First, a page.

Are you working on any other projects that we can look forward to seeing in the future? I am working on a project regarding the Shikoku 88 Temple Pilgrimage with the working title of “HENRO” which means “pilgrim”. I myself have done a handful of these temples, especially those with Japanese gardens or those that are particularly photogenic. Ideally the pilgrimage is done on foot and takes about 6 weeks, but many people do it in spurts, whenever they have time, and that is me. Nowadays, as I approach 70 years of age, my ankles and knees are not very stronge especially when carrying heavy photographic equipment, so I go by bus, motorbike or car whenever I can. My Gardens of the Spirit project is ongoing, thankfully. I have done the photography for this series for 6 years, and counting.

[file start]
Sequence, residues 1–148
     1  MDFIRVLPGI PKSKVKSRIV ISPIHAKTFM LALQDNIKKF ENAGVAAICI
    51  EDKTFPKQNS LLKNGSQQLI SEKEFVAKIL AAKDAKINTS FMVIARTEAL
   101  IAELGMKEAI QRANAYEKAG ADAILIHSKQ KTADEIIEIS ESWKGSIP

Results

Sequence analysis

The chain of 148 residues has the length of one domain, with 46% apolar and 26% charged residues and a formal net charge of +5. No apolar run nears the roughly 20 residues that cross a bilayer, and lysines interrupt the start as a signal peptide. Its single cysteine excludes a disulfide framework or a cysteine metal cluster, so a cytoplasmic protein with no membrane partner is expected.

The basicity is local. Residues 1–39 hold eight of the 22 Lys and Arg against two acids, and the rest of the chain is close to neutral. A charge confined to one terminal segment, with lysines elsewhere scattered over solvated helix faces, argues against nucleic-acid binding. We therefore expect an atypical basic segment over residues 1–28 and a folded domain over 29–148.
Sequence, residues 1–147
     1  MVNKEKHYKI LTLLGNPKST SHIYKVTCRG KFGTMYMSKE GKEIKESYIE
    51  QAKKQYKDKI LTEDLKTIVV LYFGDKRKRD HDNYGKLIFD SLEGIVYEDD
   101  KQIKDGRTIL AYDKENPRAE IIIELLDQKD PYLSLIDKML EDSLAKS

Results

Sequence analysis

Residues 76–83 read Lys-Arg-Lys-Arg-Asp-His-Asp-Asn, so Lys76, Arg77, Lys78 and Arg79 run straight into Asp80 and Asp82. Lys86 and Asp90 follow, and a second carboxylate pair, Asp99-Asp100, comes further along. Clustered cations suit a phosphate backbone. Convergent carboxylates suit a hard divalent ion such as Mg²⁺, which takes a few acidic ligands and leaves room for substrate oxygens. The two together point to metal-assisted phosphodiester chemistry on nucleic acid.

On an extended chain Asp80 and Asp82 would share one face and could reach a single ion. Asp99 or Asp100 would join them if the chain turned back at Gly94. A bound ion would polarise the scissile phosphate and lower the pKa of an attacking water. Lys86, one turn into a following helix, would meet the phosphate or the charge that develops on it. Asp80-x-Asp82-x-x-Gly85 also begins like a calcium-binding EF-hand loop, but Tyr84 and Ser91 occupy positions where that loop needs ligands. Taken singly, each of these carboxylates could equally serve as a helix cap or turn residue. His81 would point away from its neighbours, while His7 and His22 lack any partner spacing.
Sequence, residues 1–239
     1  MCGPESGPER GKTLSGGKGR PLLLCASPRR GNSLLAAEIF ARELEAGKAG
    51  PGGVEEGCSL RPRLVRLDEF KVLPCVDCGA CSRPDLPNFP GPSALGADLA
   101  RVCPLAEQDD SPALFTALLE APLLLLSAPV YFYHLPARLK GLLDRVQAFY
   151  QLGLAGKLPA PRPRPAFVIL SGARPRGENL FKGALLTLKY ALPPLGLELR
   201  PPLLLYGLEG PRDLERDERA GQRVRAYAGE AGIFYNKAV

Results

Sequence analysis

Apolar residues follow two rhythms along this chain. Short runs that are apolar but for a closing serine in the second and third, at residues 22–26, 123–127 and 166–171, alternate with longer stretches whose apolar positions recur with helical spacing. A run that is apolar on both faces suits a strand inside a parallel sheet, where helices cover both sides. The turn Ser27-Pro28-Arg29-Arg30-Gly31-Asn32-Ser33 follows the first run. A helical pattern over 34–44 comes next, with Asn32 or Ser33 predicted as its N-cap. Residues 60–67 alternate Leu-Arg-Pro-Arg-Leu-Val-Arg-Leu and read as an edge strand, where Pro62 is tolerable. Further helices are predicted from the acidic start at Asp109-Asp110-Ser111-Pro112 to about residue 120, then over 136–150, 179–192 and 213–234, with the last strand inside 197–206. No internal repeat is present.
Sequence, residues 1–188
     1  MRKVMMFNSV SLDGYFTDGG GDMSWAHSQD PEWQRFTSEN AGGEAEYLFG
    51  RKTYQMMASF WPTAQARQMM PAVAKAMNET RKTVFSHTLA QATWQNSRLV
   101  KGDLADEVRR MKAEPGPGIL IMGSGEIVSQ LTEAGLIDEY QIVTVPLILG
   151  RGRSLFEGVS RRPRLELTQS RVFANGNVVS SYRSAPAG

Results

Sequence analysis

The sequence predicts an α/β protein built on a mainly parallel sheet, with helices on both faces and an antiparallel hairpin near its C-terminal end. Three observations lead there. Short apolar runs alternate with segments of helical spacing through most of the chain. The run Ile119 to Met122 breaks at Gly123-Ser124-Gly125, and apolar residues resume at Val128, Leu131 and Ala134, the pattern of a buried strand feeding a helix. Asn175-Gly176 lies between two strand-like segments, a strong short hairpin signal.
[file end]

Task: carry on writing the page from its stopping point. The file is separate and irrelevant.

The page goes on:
Once again, John Lander's new book, World Heritage Japan, will be coming out in November 2019. Don't miss your chance to meet the author and photographer on Wednesday, November 6th between 5:00 - 6:30 pm at Kinokuniya Bookstore in the Uwajimaya Village. Thank you for your time, Mr Lander. We look forward to meeting you when you get to Seattle.